But the conversation about ethics has spread far beyond AI and technology to business as a whole. We’ve seen controversies over charitable donations, to whom companies sell their technology, from whom they should accept donations, how they treat activist employees and employee movements, policies for managing “ghost” and gig-economy workers, diversity and inclusion in hiring and performance evaluation, and deep discussions as well on the ethics not only of technology use cases but whether certain technologies should exist at all. This adds up to a reckoning; not only with technology and power, but with the fundamental responsibility of businesses and civic organizations toward the people they employ, and the people they serve.
One of the outcomes I feared in 2019 was that business ethics would “jump the shark”, leading to cynicism and an inevitable backlash. The good news is that, in some organizations, we did see promising momentum toward building ethical capacity in 2019, turning values and principles into practice and processes. Some of these initiatives were informed and advised by leaders from academia and human rights organizations, many of whom are women, people of color and people in the LGBTQIA community. There is still a tremendous amount of cynicism and polarization to contend with, and concerns that any attempt to address business and technology ethics is simply a public relations fig leaf. The situation, as always, is a bit more nuanced than that.
“We can’t let the perfect be the enemy of the good, or at least the less bad.”
The upshot: we can’t let the perfect be the enemy of the good, or at least the less bad. Cars became widely available in the early 20th century, and traffic signals became common in the 20s, but it wasn’t until 1968 that seatbelts were mandatory. While we haven’t eliminated traffic accidents, we haven’t stopped trying, and I hope we never will. The same must be true in the digital world. Technology will not make humans less biased, just as seatbelts won’t make them better drivers. AI won’t fix problems society can’t solve. Regulation can only do so much. But that doesn’t absolve us of the responsibility to face the hard questions, find and test solutions, and remain accountable throughout. Certainly, this is true for society, but it is also healthy for businesses and their leaders, which are increasingly judged by the choices they make, both in the digital and physical worlds.
Ed Terpening – Digital Selling and E-Commerce
The Growing Trust Deficit
One by one, trust in customer channels has been degrading under unchecked parasitic forces. The explosion of robocalls has ruined the effectiveness of telemarketing. What should otherwise be a useful—even necessary support call—between a customer and business often goes ignored. According to Consumer Reports, 70% of Americans don’t answer their phones when they don’t recognize the incoming number.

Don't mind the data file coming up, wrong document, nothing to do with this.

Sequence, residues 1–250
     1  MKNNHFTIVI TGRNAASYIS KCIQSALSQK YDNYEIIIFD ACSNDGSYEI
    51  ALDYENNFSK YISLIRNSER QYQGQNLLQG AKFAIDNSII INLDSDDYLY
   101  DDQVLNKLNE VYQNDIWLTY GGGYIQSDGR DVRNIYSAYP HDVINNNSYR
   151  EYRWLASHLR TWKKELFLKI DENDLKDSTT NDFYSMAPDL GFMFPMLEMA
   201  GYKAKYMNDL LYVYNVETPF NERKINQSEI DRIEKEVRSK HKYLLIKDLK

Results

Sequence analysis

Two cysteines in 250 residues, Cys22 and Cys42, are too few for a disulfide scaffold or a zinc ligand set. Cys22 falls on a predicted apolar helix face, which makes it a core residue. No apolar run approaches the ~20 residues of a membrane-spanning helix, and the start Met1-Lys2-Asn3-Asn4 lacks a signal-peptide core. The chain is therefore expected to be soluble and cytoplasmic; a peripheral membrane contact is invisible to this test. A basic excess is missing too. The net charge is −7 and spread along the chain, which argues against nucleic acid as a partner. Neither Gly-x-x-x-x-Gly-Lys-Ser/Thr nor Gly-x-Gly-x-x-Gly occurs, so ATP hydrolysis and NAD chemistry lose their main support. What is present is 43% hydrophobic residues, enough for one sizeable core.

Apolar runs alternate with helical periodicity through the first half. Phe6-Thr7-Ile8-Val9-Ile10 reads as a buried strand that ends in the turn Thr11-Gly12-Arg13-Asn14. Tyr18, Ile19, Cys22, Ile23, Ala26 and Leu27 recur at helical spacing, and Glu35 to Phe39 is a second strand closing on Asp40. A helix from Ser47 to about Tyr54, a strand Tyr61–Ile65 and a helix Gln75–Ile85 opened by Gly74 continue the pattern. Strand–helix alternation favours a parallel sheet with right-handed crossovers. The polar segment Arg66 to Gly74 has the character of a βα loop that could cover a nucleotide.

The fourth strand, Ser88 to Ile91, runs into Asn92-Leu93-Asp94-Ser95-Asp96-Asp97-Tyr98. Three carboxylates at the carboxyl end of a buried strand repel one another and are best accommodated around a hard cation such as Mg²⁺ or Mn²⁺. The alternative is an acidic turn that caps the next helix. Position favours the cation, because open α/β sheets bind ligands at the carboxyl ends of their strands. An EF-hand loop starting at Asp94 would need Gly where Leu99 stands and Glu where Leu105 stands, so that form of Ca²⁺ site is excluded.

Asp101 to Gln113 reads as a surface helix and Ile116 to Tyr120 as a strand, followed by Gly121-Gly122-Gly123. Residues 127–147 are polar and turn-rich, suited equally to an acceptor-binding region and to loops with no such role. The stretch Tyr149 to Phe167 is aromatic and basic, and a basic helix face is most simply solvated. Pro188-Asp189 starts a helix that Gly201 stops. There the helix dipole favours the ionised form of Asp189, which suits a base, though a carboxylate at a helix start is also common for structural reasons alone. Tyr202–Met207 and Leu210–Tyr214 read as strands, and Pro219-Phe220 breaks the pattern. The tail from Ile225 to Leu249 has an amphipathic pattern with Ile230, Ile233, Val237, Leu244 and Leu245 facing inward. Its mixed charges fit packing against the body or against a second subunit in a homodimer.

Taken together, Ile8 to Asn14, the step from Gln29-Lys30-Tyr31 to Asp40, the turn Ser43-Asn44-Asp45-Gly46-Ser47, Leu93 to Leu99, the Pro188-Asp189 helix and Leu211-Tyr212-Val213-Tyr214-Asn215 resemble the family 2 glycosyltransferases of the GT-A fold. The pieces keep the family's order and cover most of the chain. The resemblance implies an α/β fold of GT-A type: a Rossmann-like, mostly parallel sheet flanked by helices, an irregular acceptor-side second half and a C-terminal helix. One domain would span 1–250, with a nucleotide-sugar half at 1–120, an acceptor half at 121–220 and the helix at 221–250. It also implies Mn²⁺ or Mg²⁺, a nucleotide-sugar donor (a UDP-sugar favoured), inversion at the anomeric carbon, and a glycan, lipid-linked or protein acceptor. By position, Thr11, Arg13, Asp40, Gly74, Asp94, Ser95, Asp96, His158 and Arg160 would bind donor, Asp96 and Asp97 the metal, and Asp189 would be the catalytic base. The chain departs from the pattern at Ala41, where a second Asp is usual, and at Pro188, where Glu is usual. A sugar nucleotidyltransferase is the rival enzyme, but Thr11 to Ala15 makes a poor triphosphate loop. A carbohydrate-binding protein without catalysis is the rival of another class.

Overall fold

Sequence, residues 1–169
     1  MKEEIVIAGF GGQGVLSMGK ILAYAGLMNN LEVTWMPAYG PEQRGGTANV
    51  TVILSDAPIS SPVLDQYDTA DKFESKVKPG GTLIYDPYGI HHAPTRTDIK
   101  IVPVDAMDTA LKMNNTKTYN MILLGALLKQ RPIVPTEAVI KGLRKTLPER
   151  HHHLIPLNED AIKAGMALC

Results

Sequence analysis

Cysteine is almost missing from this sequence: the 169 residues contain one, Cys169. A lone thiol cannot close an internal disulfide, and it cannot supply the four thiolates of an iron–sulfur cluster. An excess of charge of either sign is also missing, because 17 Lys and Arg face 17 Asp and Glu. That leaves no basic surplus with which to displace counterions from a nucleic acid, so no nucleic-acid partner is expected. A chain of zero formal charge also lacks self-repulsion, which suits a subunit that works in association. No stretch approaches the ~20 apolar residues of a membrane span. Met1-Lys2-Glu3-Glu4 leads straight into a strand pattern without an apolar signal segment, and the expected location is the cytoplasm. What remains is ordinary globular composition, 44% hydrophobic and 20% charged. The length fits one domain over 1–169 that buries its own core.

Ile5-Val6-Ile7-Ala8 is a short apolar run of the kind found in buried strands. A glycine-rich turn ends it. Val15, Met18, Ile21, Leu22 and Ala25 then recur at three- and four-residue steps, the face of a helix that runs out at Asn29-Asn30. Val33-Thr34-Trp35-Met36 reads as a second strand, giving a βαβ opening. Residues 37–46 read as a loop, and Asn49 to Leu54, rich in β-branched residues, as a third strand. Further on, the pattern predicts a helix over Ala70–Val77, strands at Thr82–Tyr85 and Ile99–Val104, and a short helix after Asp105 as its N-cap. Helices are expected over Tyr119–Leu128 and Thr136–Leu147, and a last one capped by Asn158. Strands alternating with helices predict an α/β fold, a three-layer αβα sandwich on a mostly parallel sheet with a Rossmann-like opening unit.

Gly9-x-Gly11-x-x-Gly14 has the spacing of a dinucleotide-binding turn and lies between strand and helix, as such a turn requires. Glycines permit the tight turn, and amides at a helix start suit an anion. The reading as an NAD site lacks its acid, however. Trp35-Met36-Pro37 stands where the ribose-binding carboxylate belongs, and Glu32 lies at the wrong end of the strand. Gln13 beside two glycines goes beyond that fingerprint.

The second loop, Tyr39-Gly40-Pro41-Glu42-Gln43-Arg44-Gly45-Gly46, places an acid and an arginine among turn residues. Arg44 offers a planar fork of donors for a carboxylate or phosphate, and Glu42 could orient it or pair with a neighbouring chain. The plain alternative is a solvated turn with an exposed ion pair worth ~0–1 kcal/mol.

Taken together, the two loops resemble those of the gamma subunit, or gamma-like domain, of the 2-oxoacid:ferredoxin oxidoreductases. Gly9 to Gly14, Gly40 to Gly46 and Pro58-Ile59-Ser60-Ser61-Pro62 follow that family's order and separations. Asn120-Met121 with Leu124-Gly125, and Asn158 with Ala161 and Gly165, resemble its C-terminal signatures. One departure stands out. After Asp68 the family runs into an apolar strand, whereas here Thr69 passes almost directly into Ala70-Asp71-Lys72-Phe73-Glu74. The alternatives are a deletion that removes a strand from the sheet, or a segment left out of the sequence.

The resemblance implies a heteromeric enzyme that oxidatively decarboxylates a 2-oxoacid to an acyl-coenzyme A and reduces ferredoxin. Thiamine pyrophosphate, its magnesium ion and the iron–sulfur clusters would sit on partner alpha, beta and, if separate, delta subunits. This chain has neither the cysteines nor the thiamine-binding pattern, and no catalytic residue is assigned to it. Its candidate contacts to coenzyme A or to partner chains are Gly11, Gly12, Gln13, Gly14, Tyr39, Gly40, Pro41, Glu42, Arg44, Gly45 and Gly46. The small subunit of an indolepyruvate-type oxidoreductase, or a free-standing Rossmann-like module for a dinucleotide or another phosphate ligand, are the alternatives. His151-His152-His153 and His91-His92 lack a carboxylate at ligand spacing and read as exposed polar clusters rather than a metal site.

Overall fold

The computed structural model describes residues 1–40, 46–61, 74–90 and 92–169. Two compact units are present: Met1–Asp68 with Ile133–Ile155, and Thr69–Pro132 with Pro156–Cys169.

Spam and the explosion of fraud is degrading email effectiveness, and social media users started to level out and decline in 2016.
No doubt, you’re feeling this. The building of confidence between brands and consumers through trusted platforms—from the start to the end of the sales funnel—should be a significant part of the digital strategist’s agenda in 2020.
Mounting Organizational Stresses
Organizational silos in business are nothing new, but they have never been more of a threat to success than now. Organizational stresses are being exacerbated by digital transformation that attempts to unify experience and outcomes through shared data and tools. Even a definition as foundational as “the customer” must be orchestrated in such a way that each team’s expertise and role—from Marketing to Service—is optimized to make 1+1=4.
Teams must increasingly orchestrate their work by following a common thread of customer and business insights, success metrics and processes that ensure value isn’t lost (but rather, built upon) between them. Key strategic decisions such as how or whether to organize around customer type, product, geography, customer journey step, etc. will remain a key 2020 challenge.
I’ve been creating e-commerce solutions since 1995, many lifetimes ago in the tech world. Recently asked to write about it, I struggled. What does the term mean today in a world where digital jumps from the web browser to the store aisle? We used to be able to draw solid lines between e-commerce and everything else: if it was a website or app, it’s e-commerce. Now, the lines are blurring. Consider Amazon Go, a brick-and-mortar convenience store customers can use without ever interacting with a human. Is it e-commerce?
This trend is being fueled by the proliferation of IoT devices like beacons in physical locations that absorb customer behavior to create more efficient—and for the enterprise, more data-rich—experiences. “E” vs. “In Real Life” commerce will continue to evolve and blend in 2020—and, by the way, will require mastery of my previous leading trends, building digital trust and resolving organizational stresses in digital.
Between ongoing consolidation and the reality of failed and stalled transformation efforts, we predict the year ahead will see many strategic overhauls. Brand trust, transparency, security and integrity will dominate conversations, as companies look to reassure increasingly wary consumers.